C2 Ventures doesn’t invest in crypto, Web 3 or consumer companies, and it stays away from Silicon Valley startups. Instead, the New York City-based venture firm focuses on disruption in legacy industries. For example, one of its portfolio companies is a robotics startup that cleans commercial bathrooms.
The firm announced today it has closed its second-early stage fund totaling $20 million, and a separate $2.5 million Tributary Fund that will make investments in earlier, pre-seed stage old-economy SaaS and robotics productivity tools.
Fund 2’s LPs include over 125 investors, including the State of Connecticut through Connecticut Ventures.
This brings C2V’s total assets under management to more than $30 million. The firm has more than 30 portfolio companies, three of which have exited, including Kambr, an airline revenue management SaaS provider that was acquired by Amadeus.
C2V’s general partners are Chris Cunningham and Matt Olivo. Describing C2V’s investment philosophy, Cunningham said “number one, we are not an anti-San Francisco firm, but we don’t invest in the Bay Area. We don’t invest there because it’s generally over saturated. Price points are insane.”
Instead, C2V focuses on flyover states and has made investments in cities like Cleveland, Chicago and Charlotte.
Cunningham also said the firm “runs as fast as possible” away from crypto, NFTs, Web 3 and consumer companies toward what the “dirty, dull and dangerous.”
“These are old economy, legacy industries that are ripe for disruption,” said Cunningham. “They’ve had stagnant productivity. Examples are ad tech, prop tech, insurance tech and the underlying data for the commercial trucking industries.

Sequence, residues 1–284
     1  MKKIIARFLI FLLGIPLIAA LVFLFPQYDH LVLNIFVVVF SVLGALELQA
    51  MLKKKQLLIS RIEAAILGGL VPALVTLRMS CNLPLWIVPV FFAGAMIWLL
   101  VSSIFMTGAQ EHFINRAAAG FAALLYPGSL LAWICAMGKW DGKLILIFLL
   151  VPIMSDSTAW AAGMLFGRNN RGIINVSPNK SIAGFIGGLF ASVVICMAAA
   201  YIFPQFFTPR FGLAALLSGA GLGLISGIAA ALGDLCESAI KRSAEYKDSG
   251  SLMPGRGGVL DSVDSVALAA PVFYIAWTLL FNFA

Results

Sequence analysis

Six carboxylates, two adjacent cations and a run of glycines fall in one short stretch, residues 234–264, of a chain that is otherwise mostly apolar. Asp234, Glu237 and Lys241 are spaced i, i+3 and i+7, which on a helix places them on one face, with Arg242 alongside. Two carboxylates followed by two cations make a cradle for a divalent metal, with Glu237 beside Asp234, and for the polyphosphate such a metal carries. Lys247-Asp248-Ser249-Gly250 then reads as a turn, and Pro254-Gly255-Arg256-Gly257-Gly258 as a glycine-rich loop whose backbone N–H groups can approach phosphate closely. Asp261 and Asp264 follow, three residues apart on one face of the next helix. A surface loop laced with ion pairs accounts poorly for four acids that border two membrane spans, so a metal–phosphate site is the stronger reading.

Some other examples of C2V’s portfolio companies includes a robotics startup for construction and software companies for car washes, laundromats and dry cleaning.
“We love these verticals because they’re sitting on billions of dollars of TAM and hundreds of millions of revenue. They’re arguably recession-proof, but they’re not that glamorous, so they get over looked,” Cunningham said.
So far, this approach is working out for the firm. C2V’s Fund 1, which closed at the end of 2019, has a current IRR of more than 50% and two exits. In less than two years, 15 out of its 19 portfolio companies have either excited or raised major follow-on funding.
Some of Fund 2’s LPs include quarterback Baker Mayfield and his brother Matt and NFL Network reporter, along with founders and tech executives like Brian Adams, Jennifer Prince, Shiven Ramji, Sean Cohen, David Kidder, Ari Paparo, Haroon Mokhtarzada and Mike Murphy, who are all an “operators bench” that helps with technical due diligence and then supports startups after they join C2V’s portfolio.
Cunningham said 30% of Fund 2’s LPs are private individuals and family offices, but 70% have experience operating a tech company.
In a prepared statement, Matt McCooe, chief executive officer of Connecticut Ventures said, “C2V squarely fits our strategy of identifying the best emerging managers in Connecticut committed to supporting and growing our state’s startup ecosystem.
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